adware. gifts. it is. Whenever you encounter a site offering unfamiliar free software. If the page is set up so that a careless or hasty user will click the download button thinking he or she will get something other than a download. Don't assume everything you see available for download is malware.) Sometimes you will find disputes on the web about whether something is "really" malware or not. or gift certificates.6 Too-Good-To-Be-True Offers and Sucker Deals In general. Never treat MSN Messenger as spyware. It is only after filling out the form that one learns the advertiser has no intention of providing the user with what was initially offered (or forces the user to complete so many steps that what initially seemed to be free really isn’t). Information harvesters are intentionally deceptive. 6. No one makes $5. Unfortunately. or something else malicious. even if you don't care for the privacy policy associated with it. many pieces of free software you may see advertised are anything but useful and aboveboard. respectively. an ad that makes such a promise is trying to cheat the user somehow.4 Malware Sites Many useful and above-board products are available for free download on the web. but don't be generous. If it seems Proprietary and Confidential—Copyright 2011 Page 59 .000.6. the site has a misleadingly labeled download button--for example. The most common type is one that provides users with a form to fill out along with a promise of something in return. Unexpected Porn or Download applies. desktop wallpaper. Many sites that offer free downloads of toolbars. either. if an offer seems too good to be true. This applies even if there is fine print that explains what the button really does. respectively. If you encounter an advertiser who is not being intentionally deceptive about how they intend to use a user’s information. you must research that software on the web to determine whether it is generally considered spyware. Sometimes the makers of these products use Google to advertise them. (Note that your browser may give you a warning. in addition. one that says "Search" or "Enter zip code"—you must use the Unexpected Porn or Download flag. Many information harvesters might request a user’s personal information in exchange for free information. for example. If you determine that what a site is offering is malware. You may very well be reading this document or operating your computer with free software you downloaded.5 Information Harvesters An information harvester is a site designed to collect personal information from users with the intent to use the user’s personal information in ways beyond those described on the advertiser site. it is not an information harvester. or ask if you're sure you want to initiate a download—the page deserves Unexpected Porn or Download even if your system protects you in this way. or IM smileys are trying to trick users into downloading spyware. If. On the other hand. That's often a good sign that it is. give Dissatisfaction Likely and Terrible for landing page and overall quality. or other malware.00 a week working from home. you may sometimes see advertisements for MSN Messenger or Adobe Acrobat Reader or similar products. 6. adware. Always rate information harvesters Dissatisfaction Likely and Terrible for landing page and overall quality. legitimate software you dislike. don't try to stretch the definition to give yourself an excuse to downgrade wellknown. Deliberation on such tasks will often help you learn about pieces of spyware you didn't know about before.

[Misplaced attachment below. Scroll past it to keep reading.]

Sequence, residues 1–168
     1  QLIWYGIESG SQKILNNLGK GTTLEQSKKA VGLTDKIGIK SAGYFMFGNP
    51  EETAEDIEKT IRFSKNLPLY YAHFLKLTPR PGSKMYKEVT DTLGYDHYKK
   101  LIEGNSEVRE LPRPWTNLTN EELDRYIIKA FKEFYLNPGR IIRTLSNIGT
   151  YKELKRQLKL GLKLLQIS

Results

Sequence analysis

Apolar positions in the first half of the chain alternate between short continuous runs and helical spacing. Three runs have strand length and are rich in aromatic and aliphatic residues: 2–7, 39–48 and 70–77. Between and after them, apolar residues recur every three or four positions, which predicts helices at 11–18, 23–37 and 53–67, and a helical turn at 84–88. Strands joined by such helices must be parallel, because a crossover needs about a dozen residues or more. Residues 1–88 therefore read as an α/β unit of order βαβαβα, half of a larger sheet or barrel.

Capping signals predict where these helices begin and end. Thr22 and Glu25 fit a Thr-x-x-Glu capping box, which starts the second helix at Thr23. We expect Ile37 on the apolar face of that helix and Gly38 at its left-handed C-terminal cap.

immediately post an #ALERT#. Examples can be found on the Rater Hub." No. substantial reviews. For example. or car theft. Some of the common characteristics of fake review sites are: • • • • • • • Reviews are vague or overly general It is rarely clear who the reviewer is and what criteria the reviewer uses to rate the featured products or services Reviews usually lead directly to a merchant or vendor (an affiliate) There is no contact information. as you become more experienced. it’s going to be a negative user experience and should be rated accordingly. or if there is it’s only an email address or web form Reviews and ratings are generally all positive/optimistic They usually offer little beyond links to affiliate sites They are rarely updated (even when they say they are) Because fake review sites frequently only operate for a few weeks or months. however. respectively.clear to you that something is a sucker deal or certain to lead to disappointment. Upon closer inspection. no examples have been included in the guidelines.7 Fake Review Sites A fake review site looks as if it offers reviews of products or services. When you haven't seen a particular site before. you may find yourself developing a hair trigger when it comes to possible scams—you may find yourself reflexively marking sites as scams that have similar page layout or subject matter to scams you've seen in the past. such as sale of stolen credit card numbers. It's important not to be too generous with things you suspect are sucker deals. Rate fake review sites Dissatisfaction Likely and Terrible for landing page and overall quality. Give it bad ratings. A site that tries to cheat or dupe visitors doesn't deserve higher ratings for targeting the most vulnerable or unsophisticated audience that it can. however. Don't navigate further into the site.8 When You Think Something is Illegal It is extremely unlikely that you will ever encounter an ad or landing page devoted to clearly illegal activity. give it negative ratings. It's not impossible. illegal pornography. The #NT# comment code is also used with fake review sites. It is important to differentiate between fake review sites and sites that offer real. Note that an ad or a landing page doesn't actually have to lie to be a sucker deal. However. 6. it's a bad site for Google’s users. Think about the ideal user: would such a user find the review site useful? Would he or she return to this site or tell a family member about it? If so. along with a note about what concerns you. 30-euro-a-month membership in the "ringtone of the month club"--it's not lying. it probably isn’t a fake review site. but it's not going to make any of its customers happy. You may be tempted to say "Anyone dumb enough to believe this deserves what they get. and don't bother Proprietary and Confidential—Copyright 2011 Page 60 . fake review sites rarely offer the user anything of real substance to the user who visits the site. Think about the characteristics listed above: if the site you’re evaluating shares most of these characteristics. 6. They are a complete waste of the user’s time (or any user’s time. for that matter). If you do encounter such an ad or site. a site that loudly offers FREE RINGTONES! may have fine print on the landing page clarifying that customers get two free ringtones upon signing up for a 1-year. give it a careful look before assuming it's a scam.